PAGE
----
Consider a simple linear regression. We create some dummy data, calculate a loss, and backpropagate to calculate gradients for the parameters W and b.

using Flux.Tracker

W = param(rand(2, 5))
b = param(rand(2))

predict(x) = W*x .+ b
loss(x, y) = sum((predict(x) .- y).^2)

x, y = rand(5), rand(2) # Dummy data
l = loss(x, y) # ~ 3

params = Params([W, b])
grads = Tracker.gradient(() -> loss(x, y), params)

We want to update each parameter, using the gradient, in order to improve (reduce) the loss. Here's one way to do that:

using Flux.Tracker: grad, update!

function sgd()
  η = 0.1 # Learning Rate
  for p in (W, b)
    update!(p, -η * grads[p])

If we call sgd, the parameters W and b will change and our loss should go down.

There are two pieces here: one is that we need a list of trainable parameters for the model ([W, b] in this case), and the other is the update step. In this case the update is simply gradient descent (x .-= η .* Δ), but we might choose to do something more advanced, like adding momentum.

In this case, getting the variables is trivial, but you can imagine it'd be more of a pain with some complex stack of layers.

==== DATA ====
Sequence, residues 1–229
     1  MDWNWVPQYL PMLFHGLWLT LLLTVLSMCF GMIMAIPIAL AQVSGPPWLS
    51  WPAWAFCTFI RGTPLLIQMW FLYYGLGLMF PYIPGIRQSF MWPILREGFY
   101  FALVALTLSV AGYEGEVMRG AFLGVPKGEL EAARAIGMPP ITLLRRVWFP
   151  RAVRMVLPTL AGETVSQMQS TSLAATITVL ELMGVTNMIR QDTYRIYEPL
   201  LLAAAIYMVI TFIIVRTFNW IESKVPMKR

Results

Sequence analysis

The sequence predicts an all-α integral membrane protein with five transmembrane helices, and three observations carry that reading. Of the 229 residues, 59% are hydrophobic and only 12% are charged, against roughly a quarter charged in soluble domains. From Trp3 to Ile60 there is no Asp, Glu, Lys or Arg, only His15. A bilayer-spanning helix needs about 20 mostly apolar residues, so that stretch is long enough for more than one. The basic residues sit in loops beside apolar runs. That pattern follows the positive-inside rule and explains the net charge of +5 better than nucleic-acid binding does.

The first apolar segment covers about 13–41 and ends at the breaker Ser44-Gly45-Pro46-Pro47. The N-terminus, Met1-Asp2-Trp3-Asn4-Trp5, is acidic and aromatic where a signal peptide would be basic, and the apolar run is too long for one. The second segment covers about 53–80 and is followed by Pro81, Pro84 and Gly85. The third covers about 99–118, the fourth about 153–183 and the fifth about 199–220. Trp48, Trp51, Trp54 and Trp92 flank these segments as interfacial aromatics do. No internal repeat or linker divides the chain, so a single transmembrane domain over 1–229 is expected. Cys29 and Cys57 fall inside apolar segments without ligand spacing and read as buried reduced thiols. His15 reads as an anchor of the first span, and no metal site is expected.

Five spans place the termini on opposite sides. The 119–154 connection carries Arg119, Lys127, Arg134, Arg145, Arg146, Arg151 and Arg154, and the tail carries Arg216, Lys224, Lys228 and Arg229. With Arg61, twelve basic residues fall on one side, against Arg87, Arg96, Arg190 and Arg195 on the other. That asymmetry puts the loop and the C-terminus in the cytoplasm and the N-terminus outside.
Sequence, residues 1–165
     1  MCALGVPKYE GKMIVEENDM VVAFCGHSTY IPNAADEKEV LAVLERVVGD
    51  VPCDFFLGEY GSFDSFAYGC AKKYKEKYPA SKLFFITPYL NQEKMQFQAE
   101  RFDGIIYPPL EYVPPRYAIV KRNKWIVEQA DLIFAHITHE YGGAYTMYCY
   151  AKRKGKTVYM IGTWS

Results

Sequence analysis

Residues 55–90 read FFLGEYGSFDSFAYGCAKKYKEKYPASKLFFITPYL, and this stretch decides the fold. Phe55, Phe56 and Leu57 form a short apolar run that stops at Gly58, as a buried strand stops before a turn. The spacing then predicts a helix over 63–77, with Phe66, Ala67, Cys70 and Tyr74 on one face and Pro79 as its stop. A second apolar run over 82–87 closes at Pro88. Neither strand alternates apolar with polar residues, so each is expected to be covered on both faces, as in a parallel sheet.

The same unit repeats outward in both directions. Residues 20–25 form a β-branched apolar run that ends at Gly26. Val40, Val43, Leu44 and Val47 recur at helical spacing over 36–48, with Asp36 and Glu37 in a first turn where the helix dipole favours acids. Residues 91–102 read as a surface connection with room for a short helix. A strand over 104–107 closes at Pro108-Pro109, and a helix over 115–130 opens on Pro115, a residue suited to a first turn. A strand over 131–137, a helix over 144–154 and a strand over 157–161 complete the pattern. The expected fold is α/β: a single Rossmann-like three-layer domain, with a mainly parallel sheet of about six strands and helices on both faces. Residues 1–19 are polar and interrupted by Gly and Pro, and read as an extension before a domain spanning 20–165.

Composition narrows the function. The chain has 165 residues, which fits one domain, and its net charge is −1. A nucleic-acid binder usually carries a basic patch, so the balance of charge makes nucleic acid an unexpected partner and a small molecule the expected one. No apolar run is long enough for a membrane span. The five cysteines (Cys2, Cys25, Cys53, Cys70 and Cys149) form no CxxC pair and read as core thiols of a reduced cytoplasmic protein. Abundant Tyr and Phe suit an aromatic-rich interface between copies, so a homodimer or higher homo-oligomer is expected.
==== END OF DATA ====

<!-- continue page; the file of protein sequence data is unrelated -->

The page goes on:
m = Chain(
  Dense(10, 5, σ),
  Dense(5, 2), softmax)

Instead of having to write [m[1].W, m[1].b, ...], Flux provides a params function params(m) that returns a list of all parameters in the model for you.

For the update step, there's nothing whatsoever wrong with writing the loop above – it'll work just fine – but Flux provides various optimisers that make it more convenient.

opt = SGD([W, b], 0.1) # Gradient descent with learning rate 0.1

opt() # Carry out the update, modifying `W` and `b`.

An optimiser takes a parameter list and returns a function that does the same thing as update above. We can pass either opt or update to our training loop, which will then run the optimiser after every mini-batch of data.

Optimiser Reference

All optimisers return a function that, when called, will update the parameters passed to it.

SGD(params, η = 0.1; decay = 0)

Classic gradient descent optimiser with learning rate η. For each parameter p and its gradient δp, this runs p -= η*δp.

Supports inverse decaying learning rate if the decay argument is provided.

Momentum(params, η = 0.01; ρ = 0.9, decay = 0)

SGD with learning rate η, momentum ρ and optional learning rate inverse decay.

Nesterov(params, η = 0.01; ρ = 0.9, decay = 0)

SGD with learning rate η, Nesterov momentum ρ and optional learning rate inverse decay.

ADAM(params, η = 0.001; β1 = 0.9, β2 = 0.999, ϵ = 1e-08, decay = 0)

ADAM optimiser.